This lot of seven items belonged to W.D. Remington, Co. C, 50th New York Engineers.
50th New York Engineer’s Carved Bone ID Tag with battles in which Wesley D. Remington of Co. C, participated in during the Civil War, along with several other items in this small but significant lot.
Wesley D. Remington, enlisted at Rome, New York on August 26, 1862, into Co. C. of the 50th New York Engineers. He mustered out at Fort Barry, Va, on June 13, 1865. His battles are recorded on the back of his tag; Fredericksburg, Chancellorsville, Deep Run, “Stick In Mud,” Germania (Germanna,Va), Ford, PO Run.” Germanna Ford was the point were the 50th Engineers built a pontoon bridge across the Rapidan River in May of 1864, and shortly after built another bridge across the Po River, for Hancock’s Corps to cross. The bone badge/tag has the unit name with the engineer castle on one side of the shield, and battles/ place names on the other, using red ink to highlight. A hole was fastened from the back side and angled upwards through the top point of the shield to allow the shield to hang straight from a fob or chain. 37mm high,
The lot also includes his cap insignia (48mm bottom measurement), 5 section ladder badge for Remington Company C, a miniature engineer castle insignia made for a later reunion, and a 50th NY engineer ribbon made of yellow silk ribbon with graphics, and letters glued on (4.5″).
A 2 page letter dated at Camp in the Woods near Fredericksburg, Feb. 11, 1863 by Remington reads in part, “Major Brainard has arrived…..(concerning his brother) “I will make him a present of a nice little laurel root ring with a castle upon the top and the united states coat of arms upon one each side what would you think of tht Woodie, I have made a Bible of the root and wear it upoin my watch cord with a clasp and raised binding upon the back cut out of wood with a knife and sealing was set in the corners……” It would appear that Remington is handing in carving, and no doubt mad his own identification badge.
The last item is a CDV of the chapel built by the 50th Engineers at Poplar Grove, Vanear Petersburg) ( in 1865. The image was sketched by Louis Bernkopk of the 50th. See the description of this chapel below. The image is of a sketch, photographed by E.G. Fowx, Photographer, Eng. Brig. City Point, Va. Egbert Guy Gowx, born in Kentucky in 1821, began working at the start of the Civil War for Matthew Brady, as on of Brady’s photo-documentarians. Sometime in 1864, Fowx set up a studio at City Point, Va and worked for Brady on commission, and produced images on his own. He was one of the first photographers to produce images of the ruins of Richmond at the end of the war. After the war he worked in Baltimore, Md.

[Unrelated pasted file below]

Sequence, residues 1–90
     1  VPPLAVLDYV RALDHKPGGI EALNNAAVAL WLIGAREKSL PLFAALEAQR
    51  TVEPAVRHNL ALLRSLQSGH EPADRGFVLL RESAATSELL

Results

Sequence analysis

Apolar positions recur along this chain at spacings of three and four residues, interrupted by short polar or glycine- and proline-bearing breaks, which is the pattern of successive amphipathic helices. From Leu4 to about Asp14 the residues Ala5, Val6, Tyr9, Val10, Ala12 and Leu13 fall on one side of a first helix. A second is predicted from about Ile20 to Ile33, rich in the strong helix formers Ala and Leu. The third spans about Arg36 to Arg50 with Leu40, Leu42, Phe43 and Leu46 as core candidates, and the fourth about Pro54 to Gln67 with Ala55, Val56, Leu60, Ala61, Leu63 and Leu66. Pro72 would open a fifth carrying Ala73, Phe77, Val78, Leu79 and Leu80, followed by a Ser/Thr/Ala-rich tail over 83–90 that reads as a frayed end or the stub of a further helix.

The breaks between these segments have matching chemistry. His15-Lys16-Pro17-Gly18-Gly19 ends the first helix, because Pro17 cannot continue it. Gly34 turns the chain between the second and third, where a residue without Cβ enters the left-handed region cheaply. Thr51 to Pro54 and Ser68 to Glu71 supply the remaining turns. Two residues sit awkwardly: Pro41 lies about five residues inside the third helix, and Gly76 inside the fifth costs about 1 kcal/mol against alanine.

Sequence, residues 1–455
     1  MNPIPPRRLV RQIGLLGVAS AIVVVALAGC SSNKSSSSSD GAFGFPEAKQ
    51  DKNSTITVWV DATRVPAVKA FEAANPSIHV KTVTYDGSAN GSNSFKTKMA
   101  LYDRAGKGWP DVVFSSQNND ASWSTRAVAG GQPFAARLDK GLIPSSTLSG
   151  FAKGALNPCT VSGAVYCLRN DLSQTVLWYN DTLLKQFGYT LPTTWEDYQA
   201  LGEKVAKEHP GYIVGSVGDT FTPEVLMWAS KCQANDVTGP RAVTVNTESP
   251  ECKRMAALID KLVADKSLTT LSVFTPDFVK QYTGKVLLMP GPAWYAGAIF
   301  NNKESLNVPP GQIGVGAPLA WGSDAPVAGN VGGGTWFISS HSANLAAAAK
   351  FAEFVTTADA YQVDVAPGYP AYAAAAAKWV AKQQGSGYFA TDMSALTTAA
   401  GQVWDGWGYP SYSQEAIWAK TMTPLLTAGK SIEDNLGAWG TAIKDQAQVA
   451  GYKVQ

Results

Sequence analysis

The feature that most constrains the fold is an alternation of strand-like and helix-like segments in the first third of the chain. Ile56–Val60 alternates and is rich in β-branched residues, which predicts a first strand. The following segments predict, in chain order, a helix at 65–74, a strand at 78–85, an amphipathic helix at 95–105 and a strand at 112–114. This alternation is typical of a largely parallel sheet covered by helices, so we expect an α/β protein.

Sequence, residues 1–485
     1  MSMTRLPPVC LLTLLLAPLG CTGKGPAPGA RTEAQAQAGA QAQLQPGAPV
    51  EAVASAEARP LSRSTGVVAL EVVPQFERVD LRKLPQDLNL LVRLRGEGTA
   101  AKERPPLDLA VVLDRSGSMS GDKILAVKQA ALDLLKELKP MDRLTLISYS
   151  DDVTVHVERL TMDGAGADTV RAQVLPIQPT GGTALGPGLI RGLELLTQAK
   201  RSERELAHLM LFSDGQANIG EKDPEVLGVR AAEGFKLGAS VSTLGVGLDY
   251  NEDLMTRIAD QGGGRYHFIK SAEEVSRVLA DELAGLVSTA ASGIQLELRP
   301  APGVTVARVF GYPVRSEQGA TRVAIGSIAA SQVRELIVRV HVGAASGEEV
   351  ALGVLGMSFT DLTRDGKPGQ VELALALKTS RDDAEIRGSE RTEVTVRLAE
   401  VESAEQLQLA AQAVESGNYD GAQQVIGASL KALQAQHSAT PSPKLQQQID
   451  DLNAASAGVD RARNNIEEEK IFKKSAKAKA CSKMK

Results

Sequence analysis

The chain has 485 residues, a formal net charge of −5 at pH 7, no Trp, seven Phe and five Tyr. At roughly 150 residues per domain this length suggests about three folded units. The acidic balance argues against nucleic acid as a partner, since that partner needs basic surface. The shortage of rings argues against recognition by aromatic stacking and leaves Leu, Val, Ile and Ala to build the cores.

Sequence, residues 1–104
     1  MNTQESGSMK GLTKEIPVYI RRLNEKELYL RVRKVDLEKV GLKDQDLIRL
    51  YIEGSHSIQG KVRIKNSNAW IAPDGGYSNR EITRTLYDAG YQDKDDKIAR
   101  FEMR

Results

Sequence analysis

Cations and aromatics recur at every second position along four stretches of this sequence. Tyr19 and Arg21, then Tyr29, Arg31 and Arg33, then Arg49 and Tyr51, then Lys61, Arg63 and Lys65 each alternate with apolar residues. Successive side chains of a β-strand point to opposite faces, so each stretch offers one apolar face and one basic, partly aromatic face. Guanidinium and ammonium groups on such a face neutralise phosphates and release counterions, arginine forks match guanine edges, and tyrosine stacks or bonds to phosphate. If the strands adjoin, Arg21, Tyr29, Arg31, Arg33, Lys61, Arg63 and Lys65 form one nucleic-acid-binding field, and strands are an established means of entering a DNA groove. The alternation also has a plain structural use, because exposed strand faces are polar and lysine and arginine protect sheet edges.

“Too great a measure of praise cannot be bestowed upon a more noble and industrious body of men than the Fiftieth New York Volunteer Engineers. In the midst of the great demands made upon their services in tune of battle and of siege, the officers and men found pleasure in designing, planning, and building the beautiful rustic structure presented in this view, and devoting the same to the worship of the great God of Battles. The timber upon the spot, and the tools, with which they were provided for engineering purposes, furnished the material and means wherewith to exercise the taste, genius, and energy displayed. The first services, though they cannot well be styled a dedication, were conducted on Sunday, March 5, 1865, by the Rev. Mr. Duryea, of New York, and on each succeeding Sabbath day, and during many evenings of the week, the army chaplains and visiting clergymen were invited to officiate. It is built not far from the site of the old Poplar Spring Meeting House, a plain country board church, which was used successively by both armies as a hospital during the operations on the 29th and 30th of September, and 1st and 2d of October, 1864, near the Pegram House, now the site of Fort Fisher.The present Church was used for the same purpose during the movements on the last of March, and 1st and 2d of April, 1865. The Regiment, upon moving away from its camp to take part in the pursuit of Lee’s army, left a wooden tablet over the entrance to the Church, with these words inscribed upon it: “Presented to the Trustees of the Poplar Springs Church, by the Fiftieth Regiment New York Volunteer Engineers.” Colonel Ira Spaulding commanded the Regiment, Captain McGrath, the architect and builder of the Church. In front is a group of several of the officers of the Regiment. On the foreground stands the architect himself. One view of the Church also shows, on the left, the quarters, neatly and tastefully arranged, of the Regimental officers.It has been proposed to move the edifice to the great Central Park of New York City, as one of the mementoes of the war, and certainly no more interesting or striking feature could be added to the already many beautiful adornments that embellish those grounds. This monument to the skill and ingenuity of the builders, receives universal admiration.” (From Gardner’s Photographic Sketchbook of the War. Vol II.)
A nice historic grouping.